Sea Change: Action needed on ocean acidification


As part of the 2012 Marne Resource Committee (MRC) Coastal Summit, four blue ribbon panel members will present findings and recommendations to the public on Dec. 8 at the Cranberry Museum in Long Beach.

In 2005, oyster hatcheries in Washington and Oregon noticed their larvae were dying in large numbers. Alarmed at the possibility of a virus, they took extensive and expensive anti-bacterial measures, but to no avail. By 2007, the hatcheries were recording mortalities of up to 80 percent. The oyster seed business was on the brink of collapse and nobody knew why.

A year later, scientists from the National Oceanic and Atmospheric Administration and Oregon State University identified ocean acidification as the culprit. Once the hatcheries were monitoring their water and taking counter-measures, production began to rebound. Taylor Shellfish Farms had its best year ever in 2011. But adaptation is a temporary fix; we musttackle the root cause.

Around the world, 70 million tons of carbon dioxide (CO2) are released into the air every day mainly through burning coal, oil, and natural gas. More than a quarter of this CO 2 is absorbed by the oceans, where it forms carbonic acid.

This rapidly changing chemistry endangers the base of the sea’s ecology, the food web, and its prime nurseries, coral reefs and estuaries. Shellfish, and other species needing calcium carbonate to build their shells or skeletons, are especially vulnerable.

Acidification is a looming threat to the environment, economies, and food supply around the world.

Acidification affects jobs and livelihoods throughout the Northwest, especially in Washington, which produces 85 percent of the West Coast’s shellfish. The industry directly or indirectly employs 3,200 people in our state and brings more than $270 million to our economy. Shellfish farming is the largest employer in Pacific County and the second largest employer in Mason County, with a combined annual payroll of $27 million.

But not only oysters are in peril. Since acidification affects many marine species, Washington’s seafood industry, which generates an estimated 42,000 jobs and $1.7 billion annually, is potentially at risk.

To confront the threat of acidification, last February Governor Christine Gregoire appointed a 28-member blue ribbon panel to identify actions to protect the state’s marine resources. Washington became the nation’s first state to convene such a group.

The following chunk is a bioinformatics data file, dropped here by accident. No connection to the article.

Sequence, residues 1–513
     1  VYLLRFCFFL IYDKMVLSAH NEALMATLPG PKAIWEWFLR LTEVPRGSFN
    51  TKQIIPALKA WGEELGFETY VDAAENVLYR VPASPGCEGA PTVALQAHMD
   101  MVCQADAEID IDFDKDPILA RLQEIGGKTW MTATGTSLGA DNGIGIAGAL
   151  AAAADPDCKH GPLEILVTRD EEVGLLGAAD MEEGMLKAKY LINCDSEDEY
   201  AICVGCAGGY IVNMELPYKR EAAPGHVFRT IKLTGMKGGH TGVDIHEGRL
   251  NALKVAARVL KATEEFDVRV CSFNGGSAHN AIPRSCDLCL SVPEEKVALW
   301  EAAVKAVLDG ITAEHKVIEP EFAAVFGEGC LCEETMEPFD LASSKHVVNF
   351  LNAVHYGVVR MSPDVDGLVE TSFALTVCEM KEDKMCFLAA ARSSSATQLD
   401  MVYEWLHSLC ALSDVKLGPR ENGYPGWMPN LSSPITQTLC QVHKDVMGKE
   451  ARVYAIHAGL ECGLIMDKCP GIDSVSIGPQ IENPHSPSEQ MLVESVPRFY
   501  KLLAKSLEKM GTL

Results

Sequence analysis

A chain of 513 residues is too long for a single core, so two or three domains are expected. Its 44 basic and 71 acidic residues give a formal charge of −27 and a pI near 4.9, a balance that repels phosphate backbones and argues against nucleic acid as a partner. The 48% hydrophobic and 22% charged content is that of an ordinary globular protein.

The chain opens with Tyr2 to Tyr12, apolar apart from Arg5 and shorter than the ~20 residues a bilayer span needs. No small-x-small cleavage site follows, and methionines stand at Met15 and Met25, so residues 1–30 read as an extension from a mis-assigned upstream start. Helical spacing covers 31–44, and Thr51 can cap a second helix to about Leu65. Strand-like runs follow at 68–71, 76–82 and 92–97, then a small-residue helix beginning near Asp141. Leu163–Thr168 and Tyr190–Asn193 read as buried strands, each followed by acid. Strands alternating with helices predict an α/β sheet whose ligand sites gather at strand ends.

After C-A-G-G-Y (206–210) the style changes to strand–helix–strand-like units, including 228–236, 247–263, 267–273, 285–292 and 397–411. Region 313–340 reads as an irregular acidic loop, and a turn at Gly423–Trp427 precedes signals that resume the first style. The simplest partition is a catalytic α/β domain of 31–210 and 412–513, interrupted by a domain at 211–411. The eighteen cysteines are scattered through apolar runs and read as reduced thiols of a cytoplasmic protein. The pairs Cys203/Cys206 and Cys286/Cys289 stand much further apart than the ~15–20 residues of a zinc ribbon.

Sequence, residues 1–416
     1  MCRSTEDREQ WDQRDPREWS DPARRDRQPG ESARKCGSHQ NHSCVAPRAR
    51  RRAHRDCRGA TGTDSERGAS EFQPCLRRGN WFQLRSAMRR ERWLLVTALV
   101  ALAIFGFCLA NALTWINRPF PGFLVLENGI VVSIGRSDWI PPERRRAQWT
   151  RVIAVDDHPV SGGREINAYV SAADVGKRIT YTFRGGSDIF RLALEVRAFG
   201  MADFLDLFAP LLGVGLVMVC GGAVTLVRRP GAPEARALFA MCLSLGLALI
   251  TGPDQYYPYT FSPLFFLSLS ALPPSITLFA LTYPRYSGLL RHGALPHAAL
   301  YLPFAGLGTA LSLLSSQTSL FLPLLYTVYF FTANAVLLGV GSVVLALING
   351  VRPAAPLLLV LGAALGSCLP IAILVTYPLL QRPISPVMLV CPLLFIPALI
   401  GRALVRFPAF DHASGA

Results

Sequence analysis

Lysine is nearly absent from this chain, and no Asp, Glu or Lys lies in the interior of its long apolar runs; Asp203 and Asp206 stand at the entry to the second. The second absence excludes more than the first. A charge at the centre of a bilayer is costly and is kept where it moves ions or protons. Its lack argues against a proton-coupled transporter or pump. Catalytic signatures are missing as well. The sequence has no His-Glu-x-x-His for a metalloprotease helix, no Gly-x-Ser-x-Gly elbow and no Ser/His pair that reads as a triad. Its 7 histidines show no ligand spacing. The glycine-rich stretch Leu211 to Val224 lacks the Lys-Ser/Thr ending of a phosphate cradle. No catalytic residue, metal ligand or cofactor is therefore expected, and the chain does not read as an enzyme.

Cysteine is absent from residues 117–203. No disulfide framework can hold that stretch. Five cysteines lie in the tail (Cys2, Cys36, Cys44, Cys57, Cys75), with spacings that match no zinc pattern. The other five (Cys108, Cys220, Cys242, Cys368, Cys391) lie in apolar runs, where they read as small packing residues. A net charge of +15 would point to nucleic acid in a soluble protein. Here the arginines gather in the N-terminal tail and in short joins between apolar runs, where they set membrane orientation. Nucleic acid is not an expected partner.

Both of us had the honor and responsibility of serving on the panel. Our report, released November 27, contains 42 recommendations covering six areas:

• Addressing the root cause of acidification by reducing CO2 emissions.

• Reducing local land-based pollutants that worsen acidification.

• Helping our shellfish industry and marine ecosystems adapt to ocean acidification.

• Continuing both research on acidification and monitoring of our state’s waters.

• Engaging in public education and outreach on a problem few people know about.

• Sustaining our focus on acidification.

When asked what a small state like Washington could do about the huge ocean

acidification problem, Governor Gregoire replied with a single word: “Lead.” To do so, the governor said she will budget $3.3 million for the effort in the 2013-15 biennium and she signed an executive order urging state agencies to cooperate in implementing the panel’s recommendations. (Learn more about acidification and read the report at: http:/

/www.ecy.wa.gov/water/marine/oceanacidification.html.)

Jane Lubechenco, head of the National Oceanic and Atmospheric Administration, praised Washington for “seizing this issue and really wrestling with what can be done,” saying, “Nowhere on the planet is a local response more needed than here in Washington.”

Washington is clearly on the frontlines of a global ocean health problem. Our dependen ce on shellfish—as a regional industry, a major export, a necessary component of clean water, and a significant part of our cultural heritage—means we cannot ignore this issue. And we can’t wait for others to act first. We need to do what we can today in our state, while pushing for action beyond our state’s borders.

Everyone can learn about ocean acidification and speak to others about the problem. As part of the 2012 Marine Resource Committee (MRC) Coastal Summit, four blue ribbon panel members will present findings and recommendations to the public on December 8 at the Cranberry Museum in Long Beach. The Pacific County MRC will provide free box lunches to those who register online at http://pacificcountymrc.com/coastal-mrc-summit-science-conference/. Please join us.

Brian Blake is chairman of the House Committee on Agriculture and Natural Resources and represents the 19th Legislative District, which includes all of Wahkiakum and Pacific counties, and parts of Grays Harbor, Cowlitz, and Lewis counties.

Bill Dewey is Public Policy and Communications Director for Taylor Shellfish Farms, North America’s largest producer of farmed shellfish.